Apple Owns My Soul (And probably yours too)
by Suzie Conway (Communications), published November 7th 2012
Owning music is a thing of the past, according to the recent news unintentionally made by Apple, Bruce Willis and poor adherence to journalistic standards. These three clashed in early September, when a story was published in The Daily Mail that famed movie star and resident badass Bruce Willis was suing Apple. The story alleged that Willis would file a lawsuit because Apple would not let him bequeath his music collection to his children. The story about the lawsuit turned out to be fabricated, but The Daily Mail’s original story was picked up by several news outlets and was not discredited until a few hours later. Though the story about Willis turned out to be wrong, it’s true that iTunes doesn’t let you own music. Rather, you pay to “rent” your music from iTunes. Knowing that, does it make it a different experience knowing that the music you have…you might not really have?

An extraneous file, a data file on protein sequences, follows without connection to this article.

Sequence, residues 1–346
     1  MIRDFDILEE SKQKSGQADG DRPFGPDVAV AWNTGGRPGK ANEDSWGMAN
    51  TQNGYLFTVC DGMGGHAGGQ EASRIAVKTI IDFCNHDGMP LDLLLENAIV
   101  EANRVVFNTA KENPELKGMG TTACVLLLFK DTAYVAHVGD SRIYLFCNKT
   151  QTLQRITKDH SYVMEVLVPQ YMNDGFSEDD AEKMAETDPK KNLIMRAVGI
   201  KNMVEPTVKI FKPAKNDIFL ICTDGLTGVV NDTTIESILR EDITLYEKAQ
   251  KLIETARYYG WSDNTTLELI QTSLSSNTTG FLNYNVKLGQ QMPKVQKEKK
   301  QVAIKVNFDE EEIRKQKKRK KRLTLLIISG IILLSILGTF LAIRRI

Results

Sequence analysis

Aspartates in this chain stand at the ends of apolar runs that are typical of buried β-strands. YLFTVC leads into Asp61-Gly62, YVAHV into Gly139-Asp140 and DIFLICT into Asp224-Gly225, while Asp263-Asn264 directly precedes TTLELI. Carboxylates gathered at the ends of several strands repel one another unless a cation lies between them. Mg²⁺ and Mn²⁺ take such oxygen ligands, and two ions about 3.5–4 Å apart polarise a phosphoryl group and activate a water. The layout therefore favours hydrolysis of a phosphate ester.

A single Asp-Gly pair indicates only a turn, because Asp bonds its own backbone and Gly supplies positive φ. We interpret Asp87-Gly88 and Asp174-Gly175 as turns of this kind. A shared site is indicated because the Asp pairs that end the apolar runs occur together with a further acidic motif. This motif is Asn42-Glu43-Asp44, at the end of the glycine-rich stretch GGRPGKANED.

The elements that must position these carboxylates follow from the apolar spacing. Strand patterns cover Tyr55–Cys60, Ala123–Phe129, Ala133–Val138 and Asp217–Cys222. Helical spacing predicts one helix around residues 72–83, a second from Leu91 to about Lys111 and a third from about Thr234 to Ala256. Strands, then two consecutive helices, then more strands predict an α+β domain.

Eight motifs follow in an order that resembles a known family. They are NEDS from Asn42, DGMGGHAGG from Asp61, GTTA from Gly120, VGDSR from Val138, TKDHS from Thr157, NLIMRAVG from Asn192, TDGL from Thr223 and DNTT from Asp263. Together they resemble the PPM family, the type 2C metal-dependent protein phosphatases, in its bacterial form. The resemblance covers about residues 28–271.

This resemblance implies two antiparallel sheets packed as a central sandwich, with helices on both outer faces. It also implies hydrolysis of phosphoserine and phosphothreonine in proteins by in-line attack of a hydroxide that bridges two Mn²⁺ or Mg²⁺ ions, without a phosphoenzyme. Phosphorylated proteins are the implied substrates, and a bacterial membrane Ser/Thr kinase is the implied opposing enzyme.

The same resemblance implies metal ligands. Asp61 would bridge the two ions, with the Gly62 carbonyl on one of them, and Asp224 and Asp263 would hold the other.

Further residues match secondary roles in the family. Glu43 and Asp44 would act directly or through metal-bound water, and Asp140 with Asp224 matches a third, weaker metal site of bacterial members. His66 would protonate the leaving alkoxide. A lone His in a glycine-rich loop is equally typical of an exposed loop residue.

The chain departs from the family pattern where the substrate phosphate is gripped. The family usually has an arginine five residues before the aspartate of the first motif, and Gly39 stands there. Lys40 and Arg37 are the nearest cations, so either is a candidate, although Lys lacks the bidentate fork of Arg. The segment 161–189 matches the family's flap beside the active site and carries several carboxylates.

The iTunes terms and conditions state, “you agree that the iTunes Products are provided to you by way of a license only.” Essentially, all iTunes users are leasing content from the given record label. So that album that’s been taking ten minutes to download? That basically means it’s taking you ten minutes to download access to it, in legal terms.
Accessibility and ownership, in this respect, are becoming more exclusive of each other. Digital formats seem to be making physical music a novelty. “Owned” and “rented” music both have their appeals and drawbacks. But will the idea of owning music become nostalgic, or even irrelevant altogether? Audio quality as a factor aside, it seems convenience is making owned music a relic.